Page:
Pain control is central to physical training. The one who goes further, is the one who can manage being uncomfortable.
Your brain puts limits on what your body can do. It limits how much you can lift even when you are exerting yourself. And it limits how fast and how far you can run.
So, is it really possible to block out pain that is arresting. It grabs a hold of your mind and clouds out all other thoughts. When you feel pain, it controls your mind, it controls you and you cannot process anything else. It is the ultimate stress test.
How does pain work?
Pain is a distress signal sent to your brain. It is all in your brain. No brain, no pain.
Normally pain is a good thing because it is a mechanism to keep you safe and protect your body. But at times, you may want to control pain, like chronic pain, to make an event less traumatic, or to increase your performance in fitness.
There are two areas of the brain that register pain:
One is physical and one is emotional. The physical sends a signal along the sensory pathway to the brain about the injury and the emotional sends a signal from the injury to the parts of the brain that process emotion (amygdala and the anterior cingulate cortex).
So pain is both physical and emotional.
"You may not be aware of it, but you're having a negative emotional reaction to chronic pain as well as a physical reaction," says Natalia Morone, MD.
Pain travels along a pathway which may or may not get processed. It starts from the nerves that branch out from the spinal cord (periphery nerves) to the spinal cord (central nervous system) then up to the brain.
You can block the signal so that it doesn't reach the brain (gate control theory) or the brain can turn down the volume by producing endorphins, which are morphine like brain chemicals.
Gate control theory explains that the gates are located in the spinal cord and can open or close to allow the flow of pain messages from the peripheral nerves to the brain. What determines whether pain gets through or not is determined by different factors. These are the mental, emotional, and physical. It is rarely just one of these, but rather a mix of all of them.
The brain can send signals down to amplify the pain during stress and anxiety or it can close it, preventing the signal from reaching the brain.
The Three Big Areas Where Pain is Controlled:
A yogi undergoes surgery with no pain meds, using only the power of the breath.
Yonah Offner uses the power of the breath to block out pain during surgery. I think a couple of reasons why this works is number one, he puts his body in a total relaxed state - 3 breaths per minute. In a relaxed state, the brain doesn't perceive the activity as alarming. You can try this on a small scale where if you poke your arm with something pointy and hold it there, eventually the pain starts to fade. This is because the brain feels that it is no longer a threat, and turns down the signal. That is the same type of thing when Yonah is really controlling his breath and keeping himself in the relaxed state.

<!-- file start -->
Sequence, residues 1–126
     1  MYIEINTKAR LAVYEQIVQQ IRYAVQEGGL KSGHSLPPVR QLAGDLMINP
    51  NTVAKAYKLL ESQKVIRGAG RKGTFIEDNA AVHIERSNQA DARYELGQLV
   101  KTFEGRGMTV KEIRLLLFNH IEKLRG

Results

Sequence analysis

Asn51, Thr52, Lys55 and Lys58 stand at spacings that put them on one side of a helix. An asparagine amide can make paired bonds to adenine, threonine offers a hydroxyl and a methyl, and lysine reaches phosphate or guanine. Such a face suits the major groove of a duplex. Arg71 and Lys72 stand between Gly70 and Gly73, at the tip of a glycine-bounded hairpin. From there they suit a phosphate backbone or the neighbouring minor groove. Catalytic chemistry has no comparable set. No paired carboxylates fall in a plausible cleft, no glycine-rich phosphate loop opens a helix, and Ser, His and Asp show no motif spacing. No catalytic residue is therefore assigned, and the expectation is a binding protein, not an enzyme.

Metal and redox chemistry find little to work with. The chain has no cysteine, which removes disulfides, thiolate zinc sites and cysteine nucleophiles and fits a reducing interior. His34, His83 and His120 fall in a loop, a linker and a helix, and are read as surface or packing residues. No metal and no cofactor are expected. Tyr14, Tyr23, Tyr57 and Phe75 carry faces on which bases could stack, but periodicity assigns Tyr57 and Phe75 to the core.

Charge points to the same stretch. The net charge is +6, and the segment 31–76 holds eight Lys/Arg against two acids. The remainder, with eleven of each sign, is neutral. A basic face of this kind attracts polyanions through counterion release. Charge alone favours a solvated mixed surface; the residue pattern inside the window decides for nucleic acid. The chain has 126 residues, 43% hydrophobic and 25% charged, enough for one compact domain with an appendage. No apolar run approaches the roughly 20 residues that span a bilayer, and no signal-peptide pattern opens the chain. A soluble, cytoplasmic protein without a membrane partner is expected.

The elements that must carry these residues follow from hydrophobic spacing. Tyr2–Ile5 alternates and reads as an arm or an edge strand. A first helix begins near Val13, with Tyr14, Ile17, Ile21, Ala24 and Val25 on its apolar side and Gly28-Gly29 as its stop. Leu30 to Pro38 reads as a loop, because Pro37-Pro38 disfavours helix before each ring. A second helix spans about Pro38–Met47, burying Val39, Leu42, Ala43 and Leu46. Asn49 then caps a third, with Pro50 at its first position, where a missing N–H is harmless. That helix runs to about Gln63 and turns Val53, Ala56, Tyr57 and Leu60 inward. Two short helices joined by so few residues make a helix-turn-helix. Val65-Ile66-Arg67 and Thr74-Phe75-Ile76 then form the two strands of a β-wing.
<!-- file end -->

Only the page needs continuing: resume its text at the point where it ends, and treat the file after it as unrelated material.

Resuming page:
The second part, by focusing on the breath, his mind is not focused on the pain, which would intensify it. When the mind is occupied, it's hard for it to process anything else.
Mind over matter in pain control.
In this video Jack Schwarz runs a sailor makers needle through his bicep.
You probably don't want to watch this if that sort of thing makes you feel queasy.
When he explains how he is able to to do this, he says he sees his arm in a totally detached way, almost like running a needle through a sofa cushion.
To get to that level of detachment, he did meditation. He called it "voluntary controls". The way he explains it is that most of your processes are subconscious and we don't control them. But by tapping into the unconscious processes in the body, one is able to start regulating those functions, like physical pain, blood flow, blood pressure and heart rate.
The way you begin is by following a certain breathing pattern that you feel comfortable with. It could be the 4, 7, 8 method, or reverse breathing. Once you are comfortable with it, after practicing several minutes, then you allow it to continue on its own and then begin to do your meditation. You must trust that your breathing pattern will continue. If it ends up changing, just note why it may have. Maybe there is a thought, or maybe you were in a stressed state or tired.
But by turning over a new breathing pattern to your subconscious, you are in effect controlling subconscious processes.
So what to make of all this?
To sum all this up, your body can handle pain a lot easier when you are in a relaxed state through deep breathing and by keeping your mind occupied, either through mediation, visualization or in the moment.
About the blog
Luke Shao and Master Wang are on a mission to share the ancient Chinese approach to acquiring any skill.